Venus is worried that Juno shall instigate the Phoenicians against her son. She sends down her son, Cupid, the god of love, that takes the form of Ascanius, the son of Aeneas. In this disguise, Cupid arouses the queen’s heart with fervor for Aeneas. With love in her eyes, Dido requests Aeneas to narrate the tale of his adventures during the battle and the seven years ever since he fled Troy. The flame of love for Aeneas that Cupid has ignited in the heart of Dido only increases while she listens to his sad story. She wavers, though, because following her husband’s death she vowed never to marry again. Then again, as her sister Anna advices her, by marriage to Aeneas, she would increase the power of Carthage, due to the fact that most of the Trojan warriors follow Aeneas. For the moment, filled with love, Dido permits the work of the city construction to fall by the edge (Gardner and Santos 30).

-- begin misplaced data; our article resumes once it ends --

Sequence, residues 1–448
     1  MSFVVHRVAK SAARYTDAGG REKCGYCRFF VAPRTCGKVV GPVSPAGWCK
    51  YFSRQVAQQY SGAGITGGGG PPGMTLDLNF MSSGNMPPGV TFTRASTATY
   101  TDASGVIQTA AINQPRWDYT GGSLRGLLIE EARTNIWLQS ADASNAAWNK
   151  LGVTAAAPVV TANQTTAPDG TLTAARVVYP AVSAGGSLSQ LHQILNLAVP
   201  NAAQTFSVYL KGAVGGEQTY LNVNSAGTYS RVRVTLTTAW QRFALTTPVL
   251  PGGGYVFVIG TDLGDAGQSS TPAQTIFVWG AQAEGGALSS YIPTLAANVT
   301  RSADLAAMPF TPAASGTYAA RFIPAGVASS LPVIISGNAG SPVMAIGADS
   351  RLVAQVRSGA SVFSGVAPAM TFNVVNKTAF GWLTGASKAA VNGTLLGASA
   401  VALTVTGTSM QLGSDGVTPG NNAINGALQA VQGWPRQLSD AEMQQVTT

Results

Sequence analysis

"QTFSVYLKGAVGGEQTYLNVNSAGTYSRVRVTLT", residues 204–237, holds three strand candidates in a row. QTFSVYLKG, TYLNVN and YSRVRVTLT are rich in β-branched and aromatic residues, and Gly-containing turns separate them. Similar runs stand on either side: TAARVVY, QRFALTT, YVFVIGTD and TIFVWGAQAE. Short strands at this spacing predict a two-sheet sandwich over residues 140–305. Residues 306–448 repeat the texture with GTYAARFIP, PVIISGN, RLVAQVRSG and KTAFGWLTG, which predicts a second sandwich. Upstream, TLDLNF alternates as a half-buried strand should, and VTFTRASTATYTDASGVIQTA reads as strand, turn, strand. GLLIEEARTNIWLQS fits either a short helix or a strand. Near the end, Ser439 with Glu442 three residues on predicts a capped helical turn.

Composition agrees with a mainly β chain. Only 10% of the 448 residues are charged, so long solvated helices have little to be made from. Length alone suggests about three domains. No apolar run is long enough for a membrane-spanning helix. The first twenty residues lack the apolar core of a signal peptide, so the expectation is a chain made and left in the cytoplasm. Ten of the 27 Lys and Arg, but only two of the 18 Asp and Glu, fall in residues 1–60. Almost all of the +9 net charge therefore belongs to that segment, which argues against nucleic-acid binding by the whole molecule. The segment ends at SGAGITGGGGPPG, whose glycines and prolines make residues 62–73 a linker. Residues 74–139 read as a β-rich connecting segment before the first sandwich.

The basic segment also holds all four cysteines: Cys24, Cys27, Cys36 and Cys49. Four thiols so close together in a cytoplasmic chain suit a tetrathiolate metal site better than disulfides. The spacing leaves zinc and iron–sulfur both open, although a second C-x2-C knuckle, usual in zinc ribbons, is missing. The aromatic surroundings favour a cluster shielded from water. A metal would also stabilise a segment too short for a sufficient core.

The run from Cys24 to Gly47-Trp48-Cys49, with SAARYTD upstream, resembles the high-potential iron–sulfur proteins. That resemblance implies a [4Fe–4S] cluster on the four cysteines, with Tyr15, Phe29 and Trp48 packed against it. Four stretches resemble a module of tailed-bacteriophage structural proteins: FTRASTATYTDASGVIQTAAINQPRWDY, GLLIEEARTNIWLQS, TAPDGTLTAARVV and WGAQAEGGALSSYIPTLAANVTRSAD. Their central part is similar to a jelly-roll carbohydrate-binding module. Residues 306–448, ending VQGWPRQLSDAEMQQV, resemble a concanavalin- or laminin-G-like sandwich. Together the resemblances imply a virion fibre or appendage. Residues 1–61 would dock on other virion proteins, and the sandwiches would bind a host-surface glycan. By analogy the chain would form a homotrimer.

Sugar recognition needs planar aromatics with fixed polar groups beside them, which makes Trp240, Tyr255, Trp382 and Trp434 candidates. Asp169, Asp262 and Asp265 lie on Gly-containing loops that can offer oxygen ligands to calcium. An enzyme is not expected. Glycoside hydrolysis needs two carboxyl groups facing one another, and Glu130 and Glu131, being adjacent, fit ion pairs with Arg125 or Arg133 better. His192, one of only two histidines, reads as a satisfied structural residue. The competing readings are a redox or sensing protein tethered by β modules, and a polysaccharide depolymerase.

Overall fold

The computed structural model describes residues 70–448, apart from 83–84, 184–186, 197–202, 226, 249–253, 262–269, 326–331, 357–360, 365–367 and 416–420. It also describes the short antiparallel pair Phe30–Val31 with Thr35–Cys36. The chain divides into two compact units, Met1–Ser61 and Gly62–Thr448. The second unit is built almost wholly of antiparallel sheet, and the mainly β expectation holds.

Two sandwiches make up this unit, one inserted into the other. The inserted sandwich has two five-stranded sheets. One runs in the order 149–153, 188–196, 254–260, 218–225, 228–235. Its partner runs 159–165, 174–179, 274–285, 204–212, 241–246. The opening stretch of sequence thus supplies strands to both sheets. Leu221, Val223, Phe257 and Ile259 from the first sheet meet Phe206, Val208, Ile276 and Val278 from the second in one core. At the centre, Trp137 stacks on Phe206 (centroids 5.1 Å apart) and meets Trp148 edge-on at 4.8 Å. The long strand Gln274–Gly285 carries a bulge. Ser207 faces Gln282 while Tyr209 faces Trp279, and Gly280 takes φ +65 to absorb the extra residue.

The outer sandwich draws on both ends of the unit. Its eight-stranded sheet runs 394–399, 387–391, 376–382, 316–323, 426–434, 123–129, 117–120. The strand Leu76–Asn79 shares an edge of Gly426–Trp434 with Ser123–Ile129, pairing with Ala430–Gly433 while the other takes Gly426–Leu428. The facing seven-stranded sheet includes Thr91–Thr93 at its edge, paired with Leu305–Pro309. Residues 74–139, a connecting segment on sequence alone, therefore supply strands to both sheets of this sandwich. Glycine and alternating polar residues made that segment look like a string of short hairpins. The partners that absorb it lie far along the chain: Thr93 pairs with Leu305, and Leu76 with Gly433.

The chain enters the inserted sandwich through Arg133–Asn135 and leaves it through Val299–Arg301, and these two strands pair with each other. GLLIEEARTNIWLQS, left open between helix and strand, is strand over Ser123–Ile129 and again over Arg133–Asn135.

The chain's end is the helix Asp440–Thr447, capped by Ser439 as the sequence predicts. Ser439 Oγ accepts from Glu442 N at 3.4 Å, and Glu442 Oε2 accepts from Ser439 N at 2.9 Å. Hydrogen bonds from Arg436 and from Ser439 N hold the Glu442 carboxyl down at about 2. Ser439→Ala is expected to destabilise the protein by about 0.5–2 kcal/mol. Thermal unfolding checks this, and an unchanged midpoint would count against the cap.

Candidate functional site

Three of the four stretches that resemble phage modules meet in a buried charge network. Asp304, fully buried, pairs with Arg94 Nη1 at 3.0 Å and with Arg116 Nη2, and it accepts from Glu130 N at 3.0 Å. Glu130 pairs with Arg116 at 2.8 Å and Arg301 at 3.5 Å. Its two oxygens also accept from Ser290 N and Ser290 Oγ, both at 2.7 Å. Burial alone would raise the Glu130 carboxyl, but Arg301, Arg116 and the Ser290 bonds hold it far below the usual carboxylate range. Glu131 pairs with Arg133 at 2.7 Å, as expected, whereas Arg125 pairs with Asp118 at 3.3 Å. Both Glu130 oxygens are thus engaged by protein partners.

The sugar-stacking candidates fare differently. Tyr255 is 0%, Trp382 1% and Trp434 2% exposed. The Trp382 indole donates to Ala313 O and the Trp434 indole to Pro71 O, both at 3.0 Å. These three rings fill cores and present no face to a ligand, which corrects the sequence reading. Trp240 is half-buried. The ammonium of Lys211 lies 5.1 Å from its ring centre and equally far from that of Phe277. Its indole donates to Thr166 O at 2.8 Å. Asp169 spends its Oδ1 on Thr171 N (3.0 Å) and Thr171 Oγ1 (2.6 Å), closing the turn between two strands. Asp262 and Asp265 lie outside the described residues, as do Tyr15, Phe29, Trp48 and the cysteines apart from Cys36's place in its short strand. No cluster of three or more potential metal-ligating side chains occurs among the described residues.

In Book IV, Juno and Venus plot to isolate Aeneas and Dido in a cave by sending a storm to interfere with their hunting trip, signifying the breakdown of ordinary social codes as well. Juno considers the affection that Dido has for Aeneas as a means of keeping Aeneas form going to Italy. Pretending to make a peace offering, Juno proposes to Venus that they look for a means of getting Aeneas and Dido together all by themselves. If they get married, Juno proposes, the Tyrians and Trojans would be at peace, and the dispute between her and Venus would come to an end. Venus realizes that Juno is just attempting to keep the Trojans from Italy but allows Juno to proceed anyway. The relationship between Aeneas and Dido catches the attention of Venus and Juno. For quite differing reasons (Venus wants to guarantee Aeneas’ safety and Juno wants to delay Aeneas’ getting to Italy) the two goddesses together plot to bring about a sexual union in the pair (Aeneas and Dido (Matthews 121-5; Gardner and Santos 21).